Swartzberg says: “Through our own corporate sustainability initiatives such as the Discovery Fund and the Employee Volunteer Programme, we have seen the tremendous resilience of the people and organisations who have been frontline support in provision of primary healthcare and education. In the changing environment brought upon by the COVID-19 pandemic, however, many of these beneficiaries have requested additional support in the form of knowledge sharing, specifically on how to lead in a crisis and importantly how to innovate through crisis.”
Discovery has organised the five-day programme of masterclasses that brings together global thought leaders. They will provide insight on a range of topics to the recipients of its Corporate Sustainability Initiatives. These classes will later be made available on social media.
In addition, Discovery has challenged mentors from all sectors of business, the public and private sectors to pledge their time toward mentorship in South Africa and beyond. A Guinness World Record for the highest number of pledges received for mentoring in 24 hours is underway.
Mentorship can make the difference South Africa needs today
At the virtual launch event, Discovery Chief Executive and founder, Adrian Gore, said: “Research tells us that mentorship is a fundamental way to transfer skills and it has a massive network effect. Mentorship is not linear – it actually allows organisations to grow and succeed. This transfer of skills is how economic growth happens. We have the skills, at scale, to make mentorship work in South Africa. I encourage you to pledge your time. You will find it gratifying and make a profound and lasting impact,” he said.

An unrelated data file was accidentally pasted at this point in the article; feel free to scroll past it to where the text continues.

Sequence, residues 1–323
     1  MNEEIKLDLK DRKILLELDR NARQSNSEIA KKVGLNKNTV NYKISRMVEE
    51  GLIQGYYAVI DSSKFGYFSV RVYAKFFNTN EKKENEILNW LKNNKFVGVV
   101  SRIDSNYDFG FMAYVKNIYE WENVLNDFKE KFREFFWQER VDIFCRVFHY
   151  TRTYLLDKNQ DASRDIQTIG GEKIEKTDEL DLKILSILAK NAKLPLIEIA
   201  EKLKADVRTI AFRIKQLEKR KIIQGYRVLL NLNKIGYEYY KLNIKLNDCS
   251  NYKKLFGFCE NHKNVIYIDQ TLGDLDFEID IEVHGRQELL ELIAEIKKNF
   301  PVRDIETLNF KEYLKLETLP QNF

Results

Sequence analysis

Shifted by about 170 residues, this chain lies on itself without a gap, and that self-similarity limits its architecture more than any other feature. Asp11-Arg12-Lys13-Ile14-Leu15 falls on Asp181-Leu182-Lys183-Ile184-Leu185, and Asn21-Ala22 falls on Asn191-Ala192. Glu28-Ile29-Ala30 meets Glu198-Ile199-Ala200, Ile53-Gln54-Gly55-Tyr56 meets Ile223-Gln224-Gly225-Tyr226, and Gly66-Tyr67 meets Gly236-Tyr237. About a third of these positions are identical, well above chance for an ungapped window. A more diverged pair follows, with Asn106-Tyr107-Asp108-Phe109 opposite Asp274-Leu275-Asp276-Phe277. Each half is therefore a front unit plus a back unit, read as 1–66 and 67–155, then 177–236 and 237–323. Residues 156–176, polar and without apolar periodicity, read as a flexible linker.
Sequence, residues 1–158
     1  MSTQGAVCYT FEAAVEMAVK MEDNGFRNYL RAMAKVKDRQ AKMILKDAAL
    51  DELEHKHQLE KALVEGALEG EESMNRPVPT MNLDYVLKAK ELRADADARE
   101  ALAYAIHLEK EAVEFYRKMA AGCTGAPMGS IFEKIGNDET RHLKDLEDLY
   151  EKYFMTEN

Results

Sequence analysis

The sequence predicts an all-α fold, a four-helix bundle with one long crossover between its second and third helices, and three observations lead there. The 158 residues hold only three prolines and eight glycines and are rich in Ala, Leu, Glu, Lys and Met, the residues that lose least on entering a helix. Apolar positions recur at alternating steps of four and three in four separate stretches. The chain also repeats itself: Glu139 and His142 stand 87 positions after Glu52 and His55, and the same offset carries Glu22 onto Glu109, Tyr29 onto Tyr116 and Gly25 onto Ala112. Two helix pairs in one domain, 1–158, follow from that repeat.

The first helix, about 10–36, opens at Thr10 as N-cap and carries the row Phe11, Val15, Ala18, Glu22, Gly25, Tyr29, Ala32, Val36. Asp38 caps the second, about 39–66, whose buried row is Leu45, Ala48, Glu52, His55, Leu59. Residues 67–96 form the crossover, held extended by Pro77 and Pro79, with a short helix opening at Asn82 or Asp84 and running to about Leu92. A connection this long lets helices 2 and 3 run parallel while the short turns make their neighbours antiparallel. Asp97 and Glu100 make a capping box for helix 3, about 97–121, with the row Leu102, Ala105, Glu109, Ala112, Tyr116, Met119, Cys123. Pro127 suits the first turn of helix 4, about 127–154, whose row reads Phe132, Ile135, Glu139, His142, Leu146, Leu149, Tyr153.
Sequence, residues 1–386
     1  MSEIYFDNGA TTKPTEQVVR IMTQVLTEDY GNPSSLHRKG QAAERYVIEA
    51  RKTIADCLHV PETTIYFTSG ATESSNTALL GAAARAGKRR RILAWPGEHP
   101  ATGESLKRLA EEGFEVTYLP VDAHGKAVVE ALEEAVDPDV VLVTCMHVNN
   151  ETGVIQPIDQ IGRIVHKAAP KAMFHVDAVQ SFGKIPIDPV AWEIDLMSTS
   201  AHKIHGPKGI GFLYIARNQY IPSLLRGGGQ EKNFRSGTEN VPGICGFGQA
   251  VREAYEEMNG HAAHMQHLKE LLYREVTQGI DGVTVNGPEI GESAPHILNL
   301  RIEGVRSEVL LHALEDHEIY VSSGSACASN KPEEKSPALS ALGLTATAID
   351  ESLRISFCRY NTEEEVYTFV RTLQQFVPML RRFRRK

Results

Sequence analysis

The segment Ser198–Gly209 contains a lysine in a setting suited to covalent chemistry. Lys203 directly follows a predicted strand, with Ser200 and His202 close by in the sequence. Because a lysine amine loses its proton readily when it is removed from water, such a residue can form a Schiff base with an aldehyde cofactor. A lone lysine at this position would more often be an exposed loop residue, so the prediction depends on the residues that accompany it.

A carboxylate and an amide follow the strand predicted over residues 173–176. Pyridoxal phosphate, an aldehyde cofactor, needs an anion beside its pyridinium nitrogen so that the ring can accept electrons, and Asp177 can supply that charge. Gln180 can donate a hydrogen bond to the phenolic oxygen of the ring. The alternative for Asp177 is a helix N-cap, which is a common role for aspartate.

Launch day panellists include Busi Mavuso, CEO of Business Leadership South Africa and Professor Glenda Gray, the first woman President and Chief Executive Officer (CEO) of the South African Medical Research Council (SAMRC).
Mavuso said: “The lens through which I engage with mentorship is to be deliberate, particularly in grooming young women in corporate South Africa. As the incumbent leaders, the ones who come before the young leaders in SA, it is up to us to address the issues that come with corporate roles. For me, it is to create a mindset shift in young women. It starts at home, in the conversations we have with young girls. These can be the biggest barriers for young girls because self-limiting messages become self-fulfilling prophecies. The mind is a very powerful instrument. So if you are given messages all your life as a woman to not be too vocal and to not be more successful than a man, those things will trip you up. That is the mindset I’d first like to shift in the young people.”
Professor Gray adds that it is also her priority to mentor young women, because she did not have women mentors as a young scientist. “I did have male mentors who noticed a spark in me and it was valuable training, but it is so important to have female mentors. I’ve tried to do this with women scientists and doctors over the years. It has been so encouraging and I know that my mentees will do greater things and exceed whatever I have done as a scientist. My message to them is to never be scared, to innovate and think on their feet.”
A greater purpose for global business
Discovery’s Head of Sustainability, Ruth Lewin, said: “I believe that we all have a role to play in addressing issues of poverty and inequality. Volunteerism through mentorship provides us with an opportunity to address a range of social, economic and environmental challenges.”
Lewin – who is also the President of the International Association of Volunteer Effort, a global volunteerism body – says mentorship is an essential part of how business operates in the world today. “Volunteerism is no longer the once-off, feel good, team building activity which characterised it in the past, but rather an integral value which is embedded in how business is done – it is not divorced from other business activities. It is our duty as leaders and experienced individuals to extend our skillsets beyond our businesses.” DM/BM